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A mosque in Saudi Arabia
Robert Roos of the Center for Infectious Disease Research and Policy reports WHO fills in blanks in blanks on 113 MERS cases in Saudi Arabia, revealing that 34 of those cases were fatal not 92 as reported by the Saudi's announcement.

The WHO reported that most of the cases occurred since the beginning of March and that more than a third involved healthcare workers (HCWs). The agency also said the new details do not change the general pattern of the MERS-CoV (Middle East respiratory syndrome coronavirus) outbreak.

The original Saudi announcement on Jun 3 caused considerable surprise and puzzlement. The Ministry of Health (MOH) said at the time that the cases were revealed through a rigorous examination of all the agency's MERS data. At that point, the new numbers increased the country's case count by almost 20% and its death toll by 48%. The agency gave no details at the time about the case locations, ages, symptoms, or nature of exposure.

Subsequently, MOH officials told news services that the cases had not been reported in a more timely way because some hospitals and labs didn't pass their test results to the ministry.

 photo Mideast-Saudi-Hajj_Horo2-635x357_zps4437735f.jpg
The World Health Organization explained that the 92  deaths reported by the Saudi Arabian Ministry of Health included deaths from previous cases and only some of those deaths were from the recent 113 cases.  

41 of the 113 were contracted in a healthcare setting.

WHO reports the global MERS case count  is now 820 confirmed cases with 286 deaths.

MERS is a corona virus related to SARS.

Concerns have been raised about the millions of people coming to Saudi Arabia for the annual hajj at a time when Saudi Arabia is dealing with an ongoing low level MERS outbreak, but so far no plans have been announced for any changes.

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Comment Preferences

  •  Tip Jar (11+ / 0-)

    Humor Alert! No statement from this UID is intended to be true, including this one. Intended for recreational purposes only. Unauthorized interpretations may lead to unexpected results. This waiver void where prohibited. Artistic License - 420420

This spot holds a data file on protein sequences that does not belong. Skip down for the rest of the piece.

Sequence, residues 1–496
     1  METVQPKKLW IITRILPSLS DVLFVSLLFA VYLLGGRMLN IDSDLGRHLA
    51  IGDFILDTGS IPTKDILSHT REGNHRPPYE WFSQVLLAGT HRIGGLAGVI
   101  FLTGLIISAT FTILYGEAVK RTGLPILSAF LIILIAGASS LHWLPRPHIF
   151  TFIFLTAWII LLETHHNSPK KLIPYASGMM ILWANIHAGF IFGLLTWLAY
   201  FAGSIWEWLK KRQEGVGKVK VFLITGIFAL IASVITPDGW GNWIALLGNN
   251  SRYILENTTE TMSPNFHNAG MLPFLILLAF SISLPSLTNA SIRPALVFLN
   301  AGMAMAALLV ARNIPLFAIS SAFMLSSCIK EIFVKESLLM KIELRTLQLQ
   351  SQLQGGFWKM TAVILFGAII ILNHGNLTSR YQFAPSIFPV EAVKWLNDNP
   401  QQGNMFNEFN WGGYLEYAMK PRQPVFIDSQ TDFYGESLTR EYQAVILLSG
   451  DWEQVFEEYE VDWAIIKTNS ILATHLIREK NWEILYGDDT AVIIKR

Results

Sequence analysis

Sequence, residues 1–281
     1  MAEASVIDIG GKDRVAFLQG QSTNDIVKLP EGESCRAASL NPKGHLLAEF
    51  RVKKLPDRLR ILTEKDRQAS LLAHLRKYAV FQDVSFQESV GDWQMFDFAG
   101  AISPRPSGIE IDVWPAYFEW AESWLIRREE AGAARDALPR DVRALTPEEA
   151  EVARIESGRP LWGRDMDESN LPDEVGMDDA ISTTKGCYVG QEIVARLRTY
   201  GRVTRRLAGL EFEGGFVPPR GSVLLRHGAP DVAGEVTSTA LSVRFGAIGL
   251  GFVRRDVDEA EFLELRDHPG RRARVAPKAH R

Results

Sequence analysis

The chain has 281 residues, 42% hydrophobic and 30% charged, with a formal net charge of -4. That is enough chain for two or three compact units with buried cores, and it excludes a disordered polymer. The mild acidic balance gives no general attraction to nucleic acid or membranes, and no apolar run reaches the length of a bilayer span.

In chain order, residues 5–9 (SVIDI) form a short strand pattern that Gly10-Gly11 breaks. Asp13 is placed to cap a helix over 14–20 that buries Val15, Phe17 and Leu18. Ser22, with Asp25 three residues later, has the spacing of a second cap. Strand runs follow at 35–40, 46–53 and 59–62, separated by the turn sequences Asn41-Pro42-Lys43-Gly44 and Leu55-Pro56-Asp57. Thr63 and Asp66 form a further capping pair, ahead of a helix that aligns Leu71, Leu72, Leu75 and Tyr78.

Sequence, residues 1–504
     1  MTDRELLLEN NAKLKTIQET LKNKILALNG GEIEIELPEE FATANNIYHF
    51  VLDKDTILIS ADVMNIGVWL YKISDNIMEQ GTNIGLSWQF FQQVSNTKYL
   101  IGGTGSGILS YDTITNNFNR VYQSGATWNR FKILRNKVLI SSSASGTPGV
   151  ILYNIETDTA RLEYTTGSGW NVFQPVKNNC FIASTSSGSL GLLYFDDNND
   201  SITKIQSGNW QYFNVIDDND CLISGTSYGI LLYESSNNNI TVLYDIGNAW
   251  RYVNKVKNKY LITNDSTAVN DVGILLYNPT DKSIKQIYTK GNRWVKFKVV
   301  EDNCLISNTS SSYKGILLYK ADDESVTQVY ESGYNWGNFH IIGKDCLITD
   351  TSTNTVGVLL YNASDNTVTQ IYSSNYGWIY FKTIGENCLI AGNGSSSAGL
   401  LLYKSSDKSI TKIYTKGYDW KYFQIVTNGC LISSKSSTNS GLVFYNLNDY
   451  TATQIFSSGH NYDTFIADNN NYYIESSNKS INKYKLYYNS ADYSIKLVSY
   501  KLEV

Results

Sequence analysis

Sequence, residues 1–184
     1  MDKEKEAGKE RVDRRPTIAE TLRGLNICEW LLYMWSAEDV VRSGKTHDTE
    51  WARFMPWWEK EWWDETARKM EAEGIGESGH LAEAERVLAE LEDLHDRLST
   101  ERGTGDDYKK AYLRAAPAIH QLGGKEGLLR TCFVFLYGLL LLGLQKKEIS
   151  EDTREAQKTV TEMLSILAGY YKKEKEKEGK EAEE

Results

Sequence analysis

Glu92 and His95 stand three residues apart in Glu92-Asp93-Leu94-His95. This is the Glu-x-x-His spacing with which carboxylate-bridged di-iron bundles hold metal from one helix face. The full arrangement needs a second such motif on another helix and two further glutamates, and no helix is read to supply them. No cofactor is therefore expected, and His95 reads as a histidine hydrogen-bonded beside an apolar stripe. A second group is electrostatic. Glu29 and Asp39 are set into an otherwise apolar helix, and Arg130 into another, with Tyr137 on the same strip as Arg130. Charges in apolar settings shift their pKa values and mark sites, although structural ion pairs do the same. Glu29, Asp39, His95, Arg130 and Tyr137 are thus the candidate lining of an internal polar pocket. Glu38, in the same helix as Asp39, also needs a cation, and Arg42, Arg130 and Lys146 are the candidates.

by HoundDog on Fri Jun 27, 2014 at 02:40:50 PM PDT

  •  That picture reminded me to check the calendar (3+ / 0-)
    Recommended by:
    HoundDog, G2geek, jan4insight

    Holy <bleep> Ramadan starts today. That's millions of potential exposures to MERS that could travel to dozens of countries. Hang on to your seats, this could be a bumpy ride.

    GOP 2014 strategy -- Hire clowns, elephants, and a ringmaster and say "a media circus" has emerged and blame Democrats for lack of progress. Have pundits agree that "both sides are to blame" and hope the public will stay home on election day.

    by ontheleftcoast on Fri Jun 27, 2014 at 02:51:46 PM PDT

    •  My correction comment vanished... (4+ / 0-)
      Recommended by:
      HoundDog, G2geek, jan4insight, Amber6541

      Ramadan isn't the month of the hajj but when that does happen I hope the Saudi's have a plan in place for dealing with the potential outbreak.

      GOP 2014 strategy -- Hire clowns, elephants, and a ringmaster and say "a media circus" has emerged and blame Democrats for lack of progress. Have pundits agree that "both sides are to blame" and hope the public will stay home on election day.

      by ontheleftcoast on Fri Jun 27, 2014 at 02:54:46 PM PDT

      [ Parent ]

  •  MERS + ebola = ??? !!! (1+ / 0-)
    Recommended by:
    ontheleftcoast

    Saudi gov has been cancelling travel visas of people from the Ebola affected countries in West Africa.  That's a smart move.

    But one has to wonder: what happens if someone contracts both viruses?  What happens if the viruses come into contact with each other?  

    We got the future back. Uh-oh.

    by G2geek on Fri Jun 27, 2014 at 05:11:28 PM PDT

  •  any time an outbreak occurs... (1+ / 0-)
    Recommended by:
    Amber6541

    ... is a good time to review your household preparedness:

    1)  Two weeks' worth of water, minimum two gallons per person per day.

    2)  Two weeks' worth of no-cook food: canned foods, MREs, dry foods such as cereals.

    3)  A month's worth of sanitary supplies such as toilet paper, soap, paper towels (even if you don't normally use paper towels), feminine hygiene products, household cleaning supplies, kitty litter if needed, etc.

    4)  A month's worth of prescription medications.

    5)  First-aid kit with the usual supplies.

    6)  Sufficient clean clothes to last 2 weeks even if this means wearing everything for 2-3 days in a row.

    7)  Gasoline tanks kept at least half-full or electric vehicle batteries fully charged each day.

    8)  LED flashlights and battery powered radio, and rechargeable batteries kept fully charged.  

    9)  Crank-powered radio & flashlight.

    10)  Printed lists of all important phone numbers.

    11)  Printed copies of important documents all kept in one place.

    12)  Optional depending on expected risks: packed suitcase for "grab & go", otherwise a list of items to pack if needed to evacuate.

    The above are sufficient for many emergencies of the types where it's safe to stay in your house, plus (12) if you have to scoot on short notice.

    We got the future back. Uh-oh.

    by G2geek on Fri Jun 27, 2014 at 05:20:54 PM PDT

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